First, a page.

Garbage collection runs automatically. How and when it runs and actually frees up unreferenced objects is entirely implementation specific.
If you explain why you even think you need to do this or want to do this and show us the relevant code, we might be able to help explain what your alternatives are.
- Check your code for global variables. There may be data coming through an ajax call that is stored, and then referenced somewhere and you did not take this into account.
- As a solution, you should wrap huge data processing into an anonymous function call and use inside this call only local variables to prevent referencing the data in a global scope.
- Or you can assign to null all used global variables.
- Also check out this question. Take a look at the third example in the answer. Your huge data object may still be referenced by async call closure.
Yes, you can trigger garbage collection by re-loading the page.
You might want to consider using a Factory Pattern to help re-use objects, which will greatly cut down on how many objects are created. Especially, if you are continuously creating objects that are the same.
This answer suggests the following garbage collection request code for Gecko based browsers:
window.QueryInterface(Components.interfaces.nsIInterfaceRequestor) .getInterface(Components.interfaces.nsIDOMWindowUtils) .garbageCollect();
Came across this question and decided to share with my recent findings. I've looked to see a proper handling of a WeakMap in Chrome and it's actually looks okay:
var wm = new WeakMap()
var d = document.createElement('div')
at this stage weak map holds the entry cause d is still referencing the element
d = null
at this stage nothing references the element and it's weakly referenced object, and indeed after a couple of minutes entry disappeared and garbage collected.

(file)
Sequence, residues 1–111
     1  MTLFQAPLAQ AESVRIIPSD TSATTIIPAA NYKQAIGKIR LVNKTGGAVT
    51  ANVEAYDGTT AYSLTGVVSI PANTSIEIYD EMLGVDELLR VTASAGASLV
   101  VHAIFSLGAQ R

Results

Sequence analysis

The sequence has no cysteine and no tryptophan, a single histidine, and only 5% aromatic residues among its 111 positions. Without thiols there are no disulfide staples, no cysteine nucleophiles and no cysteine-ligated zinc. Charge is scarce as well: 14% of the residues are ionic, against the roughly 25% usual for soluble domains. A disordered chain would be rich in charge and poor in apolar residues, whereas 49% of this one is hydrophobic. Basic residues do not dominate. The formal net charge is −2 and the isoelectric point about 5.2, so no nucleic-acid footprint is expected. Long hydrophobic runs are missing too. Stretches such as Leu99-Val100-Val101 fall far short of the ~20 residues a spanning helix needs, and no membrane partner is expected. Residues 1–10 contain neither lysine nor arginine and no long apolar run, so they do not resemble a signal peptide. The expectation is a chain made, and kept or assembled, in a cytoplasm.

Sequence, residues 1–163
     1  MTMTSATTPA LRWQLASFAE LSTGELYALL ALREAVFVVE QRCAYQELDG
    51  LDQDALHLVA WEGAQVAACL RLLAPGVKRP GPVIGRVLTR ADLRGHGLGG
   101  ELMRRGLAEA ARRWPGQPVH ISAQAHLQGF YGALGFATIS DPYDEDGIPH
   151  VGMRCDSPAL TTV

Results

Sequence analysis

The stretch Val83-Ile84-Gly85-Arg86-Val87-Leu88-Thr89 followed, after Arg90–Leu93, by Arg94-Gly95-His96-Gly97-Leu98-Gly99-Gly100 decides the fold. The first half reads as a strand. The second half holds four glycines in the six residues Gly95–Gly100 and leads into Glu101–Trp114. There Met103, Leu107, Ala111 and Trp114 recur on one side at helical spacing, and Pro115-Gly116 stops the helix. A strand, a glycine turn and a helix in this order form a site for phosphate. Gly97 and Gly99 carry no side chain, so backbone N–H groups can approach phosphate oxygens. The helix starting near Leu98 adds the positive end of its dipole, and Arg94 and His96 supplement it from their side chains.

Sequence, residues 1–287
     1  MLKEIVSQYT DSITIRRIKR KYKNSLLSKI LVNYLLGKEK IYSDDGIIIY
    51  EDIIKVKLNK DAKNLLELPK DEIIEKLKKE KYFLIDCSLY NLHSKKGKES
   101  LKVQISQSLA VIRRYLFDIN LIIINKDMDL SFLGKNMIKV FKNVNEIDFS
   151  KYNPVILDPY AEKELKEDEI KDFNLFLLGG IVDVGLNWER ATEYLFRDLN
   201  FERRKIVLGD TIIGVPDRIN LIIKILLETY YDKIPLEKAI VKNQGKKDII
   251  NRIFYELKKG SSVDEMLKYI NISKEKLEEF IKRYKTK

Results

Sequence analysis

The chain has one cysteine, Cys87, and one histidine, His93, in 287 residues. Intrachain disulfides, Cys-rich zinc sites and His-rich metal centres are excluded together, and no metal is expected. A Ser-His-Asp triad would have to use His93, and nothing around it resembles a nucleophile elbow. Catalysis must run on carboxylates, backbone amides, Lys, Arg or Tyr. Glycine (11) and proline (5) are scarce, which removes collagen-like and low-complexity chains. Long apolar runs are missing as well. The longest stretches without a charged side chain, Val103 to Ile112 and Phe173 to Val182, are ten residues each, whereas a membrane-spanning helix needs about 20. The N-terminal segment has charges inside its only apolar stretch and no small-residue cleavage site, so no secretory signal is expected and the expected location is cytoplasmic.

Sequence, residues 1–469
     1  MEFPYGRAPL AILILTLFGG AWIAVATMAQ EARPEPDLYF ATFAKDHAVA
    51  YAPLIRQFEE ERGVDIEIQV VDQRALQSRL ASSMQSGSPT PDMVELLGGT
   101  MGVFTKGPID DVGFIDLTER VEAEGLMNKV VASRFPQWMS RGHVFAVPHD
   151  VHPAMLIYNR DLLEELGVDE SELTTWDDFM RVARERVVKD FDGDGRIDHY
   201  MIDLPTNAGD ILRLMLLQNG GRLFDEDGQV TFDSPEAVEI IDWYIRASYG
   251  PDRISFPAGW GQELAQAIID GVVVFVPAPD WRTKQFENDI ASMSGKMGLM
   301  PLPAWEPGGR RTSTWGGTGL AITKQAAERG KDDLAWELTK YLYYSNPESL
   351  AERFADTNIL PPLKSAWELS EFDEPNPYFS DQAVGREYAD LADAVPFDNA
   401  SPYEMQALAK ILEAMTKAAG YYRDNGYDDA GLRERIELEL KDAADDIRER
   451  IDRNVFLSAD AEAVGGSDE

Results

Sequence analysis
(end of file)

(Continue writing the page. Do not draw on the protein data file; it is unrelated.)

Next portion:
when did the same but appended the element to the DOM, it was not reclaimed, which is correct, removed from the DOM and still waiting for it to be collected :)
I was reading Trevor Prime's answer and it gave me a chuckle but then I realized he was on to something.
- Reloading the page does 'garbage-collect'.
- location.reload() or alternatives to refresh page.
- JSON.parse/stringify and localStorage.getItem/setItem for persistence of needed data.
- iframes as reloading pages for user experience.
All you need to do is run your code in an iframe and refresh the iframe page while saving useful information into localStorage. You'll have to make sure the iframe is on the same domain as main page to access its DOM.
You could do it without an iframe but user experience will no doubt suffer as the page will be visibly resetting.
This might be another case of "we've always done it this way; don't rock the boat" syndrome.
MDN documents a function "Components.utils.schedulePreciseGC" that lets a page schedule a GC sometime in the future with a callback function that is called when the GC is complete. This may not exist in browsers other than Firefox; the documentation is unclear. This function might be usable prior to animations; it needs to be tested.